"If you allow the page to completely load, it's saving a file to your start-up folder," said Brian High, a network administrator at a scientific lab in Portland, Ore., and one of a handful of computer specialists who investigated the code at PassThisOn. "That script is executed the next time you reboot your machine and it changes the Internet Explorer start page" to PassThisOn.

"Before (Thursday), this all happened without the users' consent."

Software specialists said the exploit was functioning Wednesday under a file called "music.js," but by Thursday it had apparently been turned off.

Specifically, the file contained about 1.6K of data Wednesday night, software analysts say, but by Thursday it held only 1 byte of information. "It looks like they turned it off," High said.

When the code is written to a person's machine with or without consent, security experts say it resembles a Trojan horse virus. With consent, it is still questionable because instructions aren't given to get rid of the code--which continually resets the person's home page to PassThisOn's chosen address once a computer is rebooted even if the person has changed his or her start page preferences. Security experts say the only way to undo it is to remove the "reg.hta" file in the start-up folder.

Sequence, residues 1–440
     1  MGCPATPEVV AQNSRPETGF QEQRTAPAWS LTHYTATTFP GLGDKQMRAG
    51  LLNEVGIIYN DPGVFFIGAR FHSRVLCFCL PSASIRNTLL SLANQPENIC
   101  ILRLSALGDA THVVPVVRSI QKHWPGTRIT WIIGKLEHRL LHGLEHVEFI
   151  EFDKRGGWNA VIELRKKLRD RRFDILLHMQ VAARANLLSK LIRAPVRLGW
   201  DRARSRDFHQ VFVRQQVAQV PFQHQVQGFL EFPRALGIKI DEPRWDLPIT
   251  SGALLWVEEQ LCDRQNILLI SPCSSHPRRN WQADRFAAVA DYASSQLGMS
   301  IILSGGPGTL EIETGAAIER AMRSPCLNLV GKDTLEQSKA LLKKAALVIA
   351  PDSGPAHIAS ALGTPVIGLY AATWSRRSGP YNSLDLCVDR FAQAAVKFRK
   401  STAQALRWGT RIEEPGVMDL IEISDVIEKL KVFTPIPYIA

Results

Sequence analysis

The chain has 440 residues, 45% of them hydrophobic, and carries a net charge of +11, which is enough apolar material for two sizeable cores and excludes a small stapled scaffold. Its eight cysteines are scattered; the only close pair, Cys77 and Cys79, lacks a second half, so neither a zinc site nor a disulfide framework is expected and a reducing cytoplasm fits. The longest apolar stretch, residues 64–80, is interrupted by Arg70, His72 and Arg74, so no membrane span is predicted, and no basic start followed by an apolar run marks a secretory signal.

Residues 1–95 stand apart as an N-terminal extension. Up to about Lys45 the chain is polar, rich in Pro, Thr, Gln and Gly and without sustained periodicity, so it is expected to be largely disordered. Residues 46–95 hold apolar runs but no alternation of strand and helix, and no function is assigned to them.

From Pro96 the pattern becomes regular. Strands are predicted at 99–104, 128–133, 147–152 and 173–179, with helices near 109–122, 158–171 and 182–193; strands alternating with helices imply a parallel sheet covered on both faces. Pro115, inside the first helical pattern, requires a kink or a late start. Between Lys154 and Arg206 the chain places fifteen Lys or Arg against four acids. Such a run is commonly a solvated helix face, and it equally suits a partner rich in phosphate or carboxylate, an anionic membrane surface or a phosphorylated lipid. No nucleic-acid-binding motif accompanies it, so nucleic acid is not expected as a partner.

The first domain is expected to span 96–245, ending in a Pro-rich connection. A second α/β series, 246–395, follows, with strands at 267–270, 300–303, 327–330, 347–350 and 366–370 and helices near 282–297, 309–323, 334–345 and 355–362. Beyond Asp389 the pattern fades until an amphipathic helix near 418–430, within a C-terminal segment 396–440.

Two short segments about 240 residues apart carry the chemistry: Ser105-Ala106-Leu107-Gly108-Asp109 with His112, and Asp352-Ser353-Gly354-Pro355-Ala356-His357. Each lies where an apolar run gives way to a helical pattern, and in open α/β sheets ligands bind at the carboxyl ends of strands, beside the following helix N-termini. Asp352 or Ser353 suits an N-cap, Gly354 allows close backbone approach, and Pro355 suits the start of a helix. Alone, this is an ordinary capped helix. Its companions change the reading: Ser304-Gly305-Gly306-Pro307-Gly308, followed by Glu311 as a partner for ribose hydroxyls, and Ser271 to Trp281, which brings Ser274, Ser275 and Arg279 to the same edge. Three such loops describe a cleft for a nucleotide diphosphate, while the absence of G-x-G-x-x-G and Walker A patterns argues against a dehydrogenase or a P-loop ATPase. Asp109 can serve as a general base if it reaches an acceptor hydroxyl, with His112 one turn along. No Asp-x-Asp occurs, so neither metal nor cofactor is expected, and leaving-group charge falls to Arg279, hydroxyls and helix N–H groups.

Building traffic
PassThisOn is a highly visited viral marketing site that encourages visitors to pass on jokes and silly pictures. The company asks consumers via reoccurring pop-up windows whether they want to change their home page, a question that is always posed with a more enticing offer, such as "Do you like freebies?" or "Do you want to win something every time you open your browser?"

If consumers agree, they are ushered to PassThisOn or one of its partner sites every time they open their browser--a sure-fire way to build viewership.

Wallace defended the practice, saying the site discloses everything and acts only after it receives permission from Web surfers.

A statement at the bottom of PassThisOn's home page reads: "PassThisOn.com prompts and changes consumers' browser behaviors to offer a better user experience and a more targeted advertiser-to-consumer communication system."